All About The Aurora Borealis | Know Before You Go
Description of the Aurora
The aurora borealis is a radiant display, visible only in the northern night sky. It
As auroral activity increases, folds are created. The breadth and complexity of each fold
Auroras are frequently designated by their internal structure, either homogeneous or rayed; whether they are active or quiet in motion; their degree of brightness on a scale of I to IV; and their color (auroras of typical green or white hues are classified as Type C, while rare, red auroras are designated as Type A).
Origins of the Aurora
The aurora borealis occurs through the sun's activity. The sun is comprised of hot gases, and its stormy surface is so hot that its gravity is not able to contain particles in its atmosphere. When the sun’s magnetic field lines connect, magnetic energy transforms into heat and kinetic energy. When energy is released and plasma is accelerated, a storm of electrons is created, called solar wind. These charged particles constantly stream toward other planets at a million miles-per-hour. The more active the sun is, the harder the solar wind blows.
Earth’s magnetosphere partially shields it from the full force of the solar wind, as electrons are deflected by the magnetic sphere. But along the earth’s open field lines, which only occur in the north and south poles, some of these charged particles are captured rather than deflected, streaming toward Earth’s polar regions and creating the aurora borealis.
While journeying down the globe’s open magnetic field lines, the high-energy particles gain momentum and shoot into the atmosphere. These particles collide with nitrogen and oxygen atoms in the planet’s atmosphere and transmit energy to the typically uncharged molecules and atoms. These “excited” atoms are unable to be stabilized, causing the energy to release as tiny bursts of light.
The color of the aurora depends upon which particular molecules collide with the solar wind particles. Light is produced by billions of molecules and atoms experiencing these electron excitations and releases. The harder the solar wind blows, the more brilliant the aurora borealis will become. This is because there is a larger number of high-energy particles, which cause the atmosphere to glow brighter and sightings to occur more frequently. The most typical and brightest color of the aurora is a blazing yellow-green, which is created by oxygen atoms about 60 miles from the earth’s surface. Oxygen atoms up to 200 miles away give off a rare red color. Blue light is created by ionized nitrogen molecules, while a rippling magenta border is produced by neutral nitrogen molecules.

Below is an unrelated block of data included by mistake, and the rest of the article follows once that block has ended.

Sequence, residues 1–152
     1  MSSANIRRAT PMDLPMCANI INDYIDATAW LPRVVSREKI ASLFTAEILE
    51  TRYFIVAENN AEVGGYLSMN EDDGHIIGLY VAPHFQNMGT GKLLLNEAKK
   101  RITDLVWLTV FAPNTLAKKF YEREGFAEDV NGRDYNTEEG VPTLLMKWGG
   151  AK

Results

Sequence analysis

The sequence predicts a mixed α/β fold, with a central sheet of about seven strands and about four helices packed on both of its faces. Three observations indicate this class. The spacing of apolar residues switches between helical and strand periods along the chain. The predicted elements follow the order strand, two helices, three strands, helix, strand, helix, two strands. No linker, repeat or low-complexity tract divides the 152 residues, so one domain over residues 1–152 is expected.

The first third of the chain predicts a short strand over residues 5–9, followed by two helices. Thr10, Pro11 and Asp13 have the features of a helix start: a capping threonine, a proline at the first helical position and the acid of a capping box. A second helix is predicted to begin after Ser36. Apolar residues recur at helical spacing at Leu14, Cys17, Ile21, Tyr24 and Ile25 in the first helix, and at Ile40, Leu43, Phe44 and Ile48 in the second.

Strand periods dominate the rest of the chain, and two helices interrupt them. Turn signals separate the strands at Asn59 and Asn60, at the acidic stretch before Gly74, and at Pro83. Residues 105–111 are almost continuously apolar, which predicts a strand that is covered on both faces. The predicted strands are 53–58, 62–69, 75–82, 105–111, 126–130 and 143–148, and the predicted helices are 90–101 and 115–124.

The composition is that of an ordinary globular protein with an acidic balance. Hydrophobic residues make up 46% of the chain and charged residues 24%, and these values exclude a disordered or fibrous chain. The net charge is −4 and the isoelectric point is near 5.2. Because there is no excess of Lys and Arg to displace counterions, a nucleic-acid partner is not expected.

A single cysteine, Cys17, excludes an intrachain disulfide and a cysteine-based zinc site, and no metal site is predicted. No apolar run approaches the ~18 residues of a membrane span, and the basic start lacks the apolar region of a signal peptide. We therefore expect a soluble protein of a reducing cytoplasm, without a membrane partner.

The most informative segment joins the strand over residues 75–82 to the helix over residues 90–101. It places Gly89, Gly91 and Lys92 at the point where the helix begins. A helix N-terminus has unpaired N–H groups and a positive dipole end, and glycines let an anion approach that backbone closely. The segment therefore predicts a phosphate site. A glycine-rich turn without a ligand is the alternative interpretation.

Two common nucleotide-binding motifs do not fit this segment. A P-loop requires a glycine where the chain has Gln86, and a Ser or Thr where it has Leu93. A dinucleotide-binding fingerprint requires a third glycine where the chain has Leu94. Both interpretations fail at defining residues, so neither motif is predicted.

Color of the Aurora Borealis
Sounds of the Aurora
There is no all-embracing theory that adequately explains the sounds that are occasionally heard during an auroral display. Though never recorded, they have been described for hundreds of years, as slight cracklings or rustlings, with an assortment of whizzes, swooshes, snaps, and pops. The majority of these auditory observations have happened during powerful, long auroral displays that appear right over the viewer's head. Most people observe the northern lights without hearing a sound. Those who believe sounds exist assume they are created when electromagnetic waves are transformed into acoustic waves, in a manner similar to reports of meteorites producing sizzling sounds.
Header Credit: Eric Rock